Last updated on April 16, 2014 at 13:58 EDT
Thickness of Mars South Polar Layered Deposits
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Thickness of Mars' South Polar Layered Deposits

March 21, 2007
This map shows the thickness of the south polar layered deposits of Mars, an ice-rich geologic unit that was probed by the Mars Advanced Radar for Subsurface and Ionospheric Sounding (MARSIS) on board ESA's Mars Express. A non-annotated version of the image can be found here.

The thickness of the layered deposits was determined by measuring the time delay between radar echoes from the surface and those from the lower boundary, or ‘bed', of the deposits. The radar data indicate that the deposit, larger than than a big portion of Europe in area, is more than 3.7 kilometers thick in places, and that the material consists of nearly pure water ice with only a small component of dust.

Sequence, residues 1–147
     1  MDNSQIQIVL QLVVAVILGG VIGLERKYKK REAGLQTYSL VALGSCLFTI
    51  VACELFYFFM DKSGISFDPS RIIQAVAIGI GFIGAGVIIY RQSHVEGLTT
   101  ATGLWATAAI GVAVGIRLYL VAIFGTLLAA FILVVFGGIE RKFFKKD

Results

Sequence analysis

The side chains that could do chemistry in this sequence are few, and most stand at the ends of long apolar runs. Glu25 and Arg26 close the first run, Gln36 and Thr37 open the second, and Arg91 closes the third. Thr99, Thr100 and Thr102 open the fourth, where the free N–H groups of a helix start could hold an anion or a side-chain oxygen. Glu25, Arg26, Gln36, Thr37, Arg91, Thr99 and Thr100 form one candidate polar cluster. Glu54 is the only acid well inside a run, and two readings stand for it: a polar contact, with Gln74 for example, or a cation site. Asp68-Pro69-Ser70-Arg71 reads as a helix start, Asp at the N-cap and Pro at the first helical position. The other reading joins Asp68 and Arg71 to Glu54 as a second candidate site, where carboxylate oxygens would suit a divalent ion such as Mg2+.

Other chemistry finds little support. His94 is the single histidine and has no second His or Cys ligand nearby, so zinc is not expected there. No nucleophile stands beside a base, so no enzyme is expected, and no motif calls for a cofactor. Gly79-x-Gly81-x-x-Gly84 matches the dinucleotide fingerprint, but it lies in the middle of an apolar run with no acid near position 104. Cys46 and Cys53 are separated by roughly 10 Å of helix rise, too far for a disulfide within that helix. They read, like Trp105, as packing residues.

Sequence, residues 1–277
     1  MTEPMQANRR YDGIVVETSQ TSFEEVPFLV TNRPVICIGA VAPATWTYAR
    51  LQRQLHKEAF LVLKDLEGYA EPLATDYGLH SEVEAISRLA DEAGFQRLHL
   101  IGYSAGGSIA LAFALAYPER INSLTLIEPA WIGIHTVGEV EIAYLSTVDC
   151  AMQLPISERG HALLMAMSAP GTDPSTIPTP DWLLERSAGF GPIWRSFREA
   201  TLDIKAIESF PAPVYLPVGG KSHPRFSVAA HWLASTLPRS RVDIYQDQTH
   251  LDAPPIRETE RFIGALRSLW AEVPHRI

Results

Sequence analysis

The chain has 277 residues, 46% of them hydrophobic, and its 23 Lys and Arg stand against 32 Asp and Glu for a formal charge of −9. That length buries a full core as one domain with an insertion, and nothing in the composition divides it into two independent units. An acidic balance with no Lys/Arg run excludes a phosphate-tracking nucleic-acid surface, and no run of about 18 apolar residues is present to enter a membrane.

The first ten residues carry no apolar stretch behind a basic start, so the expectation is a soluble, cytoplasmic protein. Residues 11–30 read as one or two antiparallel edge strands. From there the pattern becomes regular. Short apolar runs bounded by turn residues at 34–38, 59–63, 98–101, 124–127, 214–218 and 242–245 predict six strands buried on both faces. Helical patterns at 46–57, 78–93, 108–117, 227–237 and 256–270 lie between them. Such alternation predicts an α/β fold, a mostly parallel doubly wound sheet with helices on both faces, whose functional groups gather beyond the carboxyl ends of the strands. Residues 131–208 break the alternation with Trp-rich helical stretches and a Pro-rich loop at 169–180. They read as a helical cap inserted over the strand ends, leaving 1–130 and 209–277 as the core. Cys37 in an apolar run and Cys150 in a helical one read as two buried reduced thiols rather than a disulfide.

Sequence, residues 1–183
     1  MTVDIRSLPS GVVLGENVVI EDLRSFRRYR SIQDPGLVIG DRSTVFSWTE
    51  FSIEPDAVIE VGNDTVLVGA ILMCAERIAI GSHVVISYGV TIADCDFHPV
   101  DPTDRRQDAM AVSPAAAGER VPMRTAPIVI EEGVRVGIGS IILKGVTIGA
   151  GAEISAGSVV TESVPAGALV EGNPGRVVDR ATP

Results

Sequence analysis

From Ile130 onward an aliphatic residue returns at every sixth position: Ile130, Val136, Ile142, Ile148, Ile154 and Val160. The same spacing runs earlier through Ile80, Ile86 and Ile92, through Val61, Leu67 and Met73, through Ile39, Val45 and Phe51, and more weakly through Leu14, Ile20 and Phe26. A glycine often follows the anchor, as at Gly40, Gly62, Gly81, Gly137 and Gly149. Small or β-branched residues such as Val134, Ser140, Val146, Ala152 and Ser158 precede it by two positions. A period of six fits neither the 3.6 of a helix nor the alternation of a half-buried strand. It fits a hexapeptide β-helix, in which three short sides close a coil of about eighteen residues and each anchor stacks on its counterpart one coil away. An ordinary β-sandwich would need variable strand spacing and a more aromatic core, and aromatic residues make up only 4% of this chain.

The map was generated by comparing the elevation of the bed as determined by MARSIS with the high-resolution map of surface topography obtained by the Mars Orbiter Laser Altimeter (MOLA) aboard NASA's Mars Global Surveyor. The thickness of the layered deposits is shown by colors, with purple representing the thinnest areas, and red the thickest.

The total volume of ice in the layered deposits is equivalent to a water layer 11 meters deep, if spread evenly across the planet. The boundary of the layered deposits was mapped by scientists from the U.S. Geological Survey. The dark circle in the upper center is the area pole-ward of 87 ° south latitude, where MARSIS data cannot be collected. The map covers an area 1670 by 1800 kilometers.